Did you land your dream job but leave the office every day feeling unchallenged and unhappy?
One entrepreneur believes you may have committed a mistake she says countless ladies make when choosing their career – and it will surprise you.
Reshma Saujani, founder of tech organisation, Girls Who Code, said in TED Talk that many women plump for a career that they know they’re going to be great in – and, ironically, that’s where they’re going wrong.
Experts say that selecting a job you know you’ll be good at is actually the worst decision you can make when choosing a career
She said: ‘So many women I talk to tell me that they gravitate towards careers and professions that they know they’re going to be great in, that they know they’re going to be perfect in, and it’s no wonder why.
‘Most girls are taught to avoid risk and failure. We’re taught to smile pretty, play it safe, get all A’s.’
Angela Middleton, CEO and Founder of MiddletonMurray, agrees with Reshma, saying that it’s a ‘sad truth’ that many women choose careers they know they will be good at, rather than those which challenge them, because it gives stability and makes them feel safe.
‘As children, girls are often praised for being pretty, quiet, for cooking and playing with dolls,’ she said. ‘Boys on the other hand are praised for playing more aggressive games, for winning, running about and being active.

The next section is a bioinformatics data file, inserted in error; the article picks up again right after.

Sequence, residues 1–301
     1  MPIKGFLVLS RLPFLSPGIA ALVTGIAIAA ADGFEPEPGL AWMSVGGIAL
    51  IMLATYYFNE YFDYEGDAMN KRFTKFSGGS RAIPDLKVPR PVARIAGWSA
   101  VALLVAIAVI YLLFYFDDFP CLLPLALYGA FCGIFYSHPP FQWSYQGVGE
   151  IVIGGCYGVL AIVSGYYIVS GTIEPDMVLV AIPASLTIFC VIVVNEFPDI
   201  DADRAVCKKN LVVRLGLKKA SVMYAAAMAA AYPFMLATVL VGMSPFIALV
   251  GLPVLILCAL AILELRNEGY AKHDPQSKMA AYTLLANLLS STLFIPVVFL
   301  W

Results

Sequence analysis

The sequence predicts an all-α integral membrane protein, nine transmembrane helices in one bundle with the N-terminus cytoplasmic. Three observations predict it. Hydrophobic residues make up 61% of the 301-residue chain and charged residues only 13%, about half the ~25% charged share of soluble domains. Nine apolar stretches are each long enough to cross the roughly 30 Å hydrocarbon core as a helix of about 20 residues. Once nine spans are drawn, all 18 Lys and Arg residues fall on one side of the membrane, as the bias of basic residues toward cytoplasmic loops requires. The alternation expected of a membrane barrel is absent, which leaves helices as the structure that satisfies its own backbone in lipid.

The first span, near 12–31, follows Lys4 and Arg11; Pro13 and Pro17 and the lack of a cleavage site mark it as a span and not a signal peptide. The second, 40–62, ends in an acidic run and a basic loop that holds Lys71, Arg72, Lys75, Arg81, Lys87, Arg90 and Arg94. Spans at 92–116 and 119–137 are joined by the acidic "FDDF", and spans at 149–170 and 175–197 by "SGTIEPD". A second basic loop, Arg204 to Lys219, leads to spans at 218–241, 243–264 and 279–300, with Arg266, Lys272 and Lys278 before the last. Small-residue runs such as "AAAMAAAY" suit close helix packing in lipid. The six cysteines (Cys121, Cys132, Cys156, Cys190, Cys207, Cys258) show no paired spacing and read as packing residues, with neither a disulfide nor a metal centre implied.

Angela Middleton, CEO and Founder of MiddletonMurray, said: ‘It’s a sad truth that many women choose careers they know they will be good at, rather than those which challenge them, because it gives stability and makes us feel safe’
‘Traditionally, the language that is used about children can create a model for subsequent behaviour and it’s very easy to let these models stick into adulthood and into the office unless we consciously work to change them.’
Therefore, throughout education, higher education and in the workplace, women are very often less aggressive, and tend to gravitate towards careers that are less challenging because the fear of failure is removed and the need for aggression and assertion is lessened, leaving them unfulfilled and unhappy.
Empowerment coach, Jodie Rogers, also concurs. She said: ‘This speech is spot on. Many women I’ve coached tend to ask themselves: “What can I do now,?” not “what could I potentially excel at?” Several self-limiting beliefs come off the back of that.
The experts say that it’s an unfortunate hangover from traditional family behaviour as well as society in general. ‘Women often feel as if they’ve got to be ready to stretch before they actually stretch,’ said one
‘Women so often think about current capability rather than stretch. They think about reality not potential, and it would be far more favourable to their career progression if they were to dare to think about desire. It’s an unfortunate hangover from traditional family behaviour as well as society in general. Women often feel as if they’ve got to be ready to stretch before they actually stretch!.’
She argues that the implications are that women also negotiate less and if they do get to the boardroom, they’re more inclined to allow impostor syndrome.
‘They don’t want to get it wrong. A great effort is often to get there and then they stay silent.’